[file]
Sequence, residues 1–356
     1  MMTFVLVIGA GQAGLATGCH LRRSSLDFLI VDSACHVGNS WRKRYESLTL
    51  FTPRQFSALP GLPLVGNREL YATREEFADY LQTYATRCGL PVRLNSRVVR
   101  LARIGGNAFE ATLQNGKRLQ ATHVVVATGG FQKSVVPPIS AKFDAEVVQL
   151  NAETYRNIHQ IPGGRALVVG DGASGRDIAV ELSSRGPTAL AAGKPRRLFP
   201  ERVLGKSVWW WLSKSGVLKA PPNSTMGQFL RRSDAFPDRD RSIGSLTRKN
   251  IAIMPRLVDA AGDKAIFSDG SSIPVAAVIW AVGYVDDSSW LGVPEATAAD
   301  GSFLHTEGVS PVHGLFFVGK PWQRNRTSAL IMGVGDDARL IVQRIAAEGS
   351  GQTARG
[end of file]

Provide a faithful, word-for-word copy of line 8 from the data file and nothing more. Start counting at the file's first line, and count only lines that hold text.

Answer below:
   301  GSFLHTEGVS PVHGLFFVGK PWQRNRTSAL IMGVGDDARL IVQRIAAEGS